I did this embarrassing maneuver with the job all jumbled up on the foredeck, halyards swinging in the wind. It was clear to any observer that I had gotten my butt kicked out there. As I approached the channel markers, the wind hitting the isletas was a jumbled mess. Lots of dead spots and shifting directions. I wasn't going to get her in there. I just kept cruising back and forth, hoping to buy a couple gallons of gas off one of the motor pangas, but none were to be found. The little kids in the primitive canoes were coming back out to go fishing. They'd missed a good part of the day due to the weather and now they had to make it up. A little kid who looked like he was 8 but was probably closer to 12 rowed up with that funky rowing method they all use. "We thought something had happened to you out there." I tried to act like it was all routine. "I just rand out of gas, can't get her back in until the wind shifts." He offered to tow me in for a gaseosa.

    Now the mighty ocean crosser is being towed in by a malnourished kid in a 10 foot panga. It was slow, but once we were in the islands the water was glass. Past the mango trees, the howler monkeys could be heard from all angles. The kid just kept that crankshaft motion going. Left oar, right oar, smiling the whole time. "Fue malo?" he asked. "Horrible," I answered. I was still shivering, exhausted, cursing myself for being so stupid to go out in that. At least it was dark so nobody could see my shame of being towed in by a child. He got me to my mango tree, tied off the bow for me while I tied off the stern and tossed the anchor. I gave him all the Cokes I had left in the ice chest and the last 100 cords I had on me. At least he wouldn't have to make up for his lost catch that day.

    The mooring spot is really beautiful. It's so quiet, peaceful, the only thing that ruins it is the friggin army of mosquitoes! They tore into me as soon as I got my wet pants off and changed into the shorts and dry shirt in my bag. I'm yelling for my cuidador to bring over the panga and get me the hell out of there. Nothing. Jimmy! (pronounced Yee-mee). Nothing. Finally, one of the 10 little kids that live with them on the island scampers over. "Jimmy no esta." WTF? "What do you mean he's not here." He thought you weren't coming back tonight so he went to see the bulls. Too tired to scream, but I wanted to. I grabbed my bag and waded to the island. I walked up to the porch and there was mom, dad, grandpa, and 10 kids ranging from 6 years old to 20. They were all transfixed on a television show that I didn't have the energy to stare at. The single incandescent light was drawing in mosquitoes from as far away as San Carlos, but they didn't seem to notice. "Cuando regresa Jimmy?" "Como a las 9." was the reply. The only thing that means is that he's coming back tonight. Nobody on this island even had a watch.

    I pulled a bottle of FDC and a few cigars out of my bag. I had envisioned myself enjoying this anchored behind an island at Asese, but that never came to pass. I gave a cigar to dad and one to grandpa and we passed the bottle around. "Fue malo," they asked. "Horrible," I replied. The smoke rand the mosquitoes off and the rum stopped the itching. Jimmy rowed up around 10 and took me back towards Cabaña Amarrilla. It was completely dark and everyone had gone home except a few kids in pangas trying to catch some dinner. I wanted to chew Jimmy out, but he could already tell I was pissed, so it wouldn´t have mattered at this point. Luckily for him, the FDC had mellowed me out so I calmly went over all the things that went wrong that day. He just nodded and promised it wouldn't happen again.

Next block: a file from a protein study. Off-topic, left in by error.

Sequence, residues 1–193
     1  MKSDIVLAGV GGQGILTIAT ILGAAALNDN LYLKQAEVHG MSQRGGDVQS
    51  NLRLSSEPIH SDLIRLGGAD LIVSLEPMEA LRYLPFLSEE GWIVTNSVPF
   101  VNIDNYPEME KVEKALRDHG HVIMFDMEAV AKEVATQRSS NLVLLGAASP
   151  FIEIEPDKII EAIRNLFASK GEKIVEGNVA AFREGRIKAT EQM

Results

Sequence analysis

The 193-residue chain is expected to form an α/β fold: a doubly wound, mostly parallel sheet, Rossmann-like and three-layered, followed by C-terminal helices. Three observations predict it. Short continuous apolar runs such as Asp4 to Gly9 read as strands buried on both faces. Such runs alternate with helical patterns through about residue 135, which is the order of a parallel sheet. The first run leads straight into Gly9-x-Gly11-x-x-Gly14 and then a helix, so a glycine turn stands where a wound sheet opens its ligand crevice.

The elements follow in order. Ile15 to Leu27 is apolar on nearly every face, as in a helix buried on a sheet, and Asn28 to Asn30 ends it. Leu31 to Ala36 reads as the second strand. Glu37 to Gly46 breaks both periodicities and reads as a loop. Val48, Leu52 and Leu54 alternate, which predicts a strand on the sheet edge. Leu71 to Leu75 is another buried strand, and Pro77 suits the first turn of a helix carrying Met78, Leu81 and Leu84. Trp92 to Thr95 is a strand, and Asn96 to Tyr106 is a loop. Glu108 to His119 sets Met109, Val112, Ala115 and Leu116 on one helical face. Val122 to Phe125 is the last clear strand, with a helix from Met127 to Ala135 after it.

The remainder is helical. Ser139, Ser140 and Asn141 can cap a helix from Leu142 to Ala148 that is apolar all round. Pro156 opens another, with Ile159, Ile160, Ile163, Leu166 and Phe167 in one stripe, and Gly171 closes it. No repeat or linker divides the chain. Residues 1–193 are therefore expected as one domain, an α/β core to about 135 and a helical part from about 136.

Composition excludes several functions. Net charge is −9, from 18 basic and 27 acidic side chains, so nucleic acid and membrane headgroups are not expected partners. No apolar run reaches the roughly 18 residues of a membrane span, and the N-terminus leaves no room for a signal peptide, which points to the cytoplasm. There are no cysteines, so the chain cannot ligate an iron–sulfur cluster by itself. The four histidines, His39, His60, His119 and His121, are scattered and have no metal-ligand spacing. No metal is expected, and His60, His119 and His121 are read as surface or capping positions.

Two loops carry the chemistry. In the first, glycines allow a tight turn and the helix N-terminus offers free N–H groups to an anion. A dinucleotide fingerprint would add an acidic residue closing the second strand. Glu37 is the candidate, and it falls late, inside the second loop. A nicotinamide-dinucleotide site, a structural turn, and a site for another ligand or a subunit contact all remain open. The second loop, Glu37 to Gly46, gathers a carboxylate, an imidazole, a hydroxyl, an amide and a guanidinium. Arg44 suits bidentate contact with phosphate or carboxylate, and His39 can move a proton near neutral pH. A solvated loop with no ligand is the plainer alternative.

He dropped me off at the panga docks, I grabbed my bag and headed up the road. There were no taxis to be seen anywhere, but that wouldn't have mattered because I gave all my money to the kid that towed me in. It took 60 minutes to walk back home, but that gave me plenty of time to go over the errors of the day. Mom would have called it instant karmic return. I don't know why she said that all the time since she was Baptist, but it basically boiled down to not having my mind in the right place when I started and having to pay the price for it in the end. It really was a small price. The boat was in one piece. I was in one piece. I found out how the boat would behave in bad weather without it costing me anything except a day off.

    I started to grin as I got near the malecon. The FDC was probably helping with that. I looked out on the lake. It was so peaceful now. I could see stars between the holes in the clouds. The breeze was almost gone. La Pantera was closed, so at least I wouldn't have to listen to karaoke tonight. I was warm, dry, a little tipsy and back at the house. I learned a lot about seamanship today, I learned a new respect for Cocibolca. Wind, rain and lake against little old me, and I lived to tell the tale. My mind went back to straddling the bow as I crashed up and down in the warm lake water. That was kind of fun! I really enjoyed drinking with dad and grandpa, too. As I opened the gate, El Comandante, the little mongrel I adopted off the street, and Carabina, the baby Catahoula who's growing like a weed, were both there to meet me. Dogs really are the best. I opened the door and La Baby Doc was looking to gauge my mood. She had seen the storm from the porch and thought for sure I was dead.

    "Fue malo?" she asked. "Pesado, pero no tan malo. Al final fue muy divertido," I replied.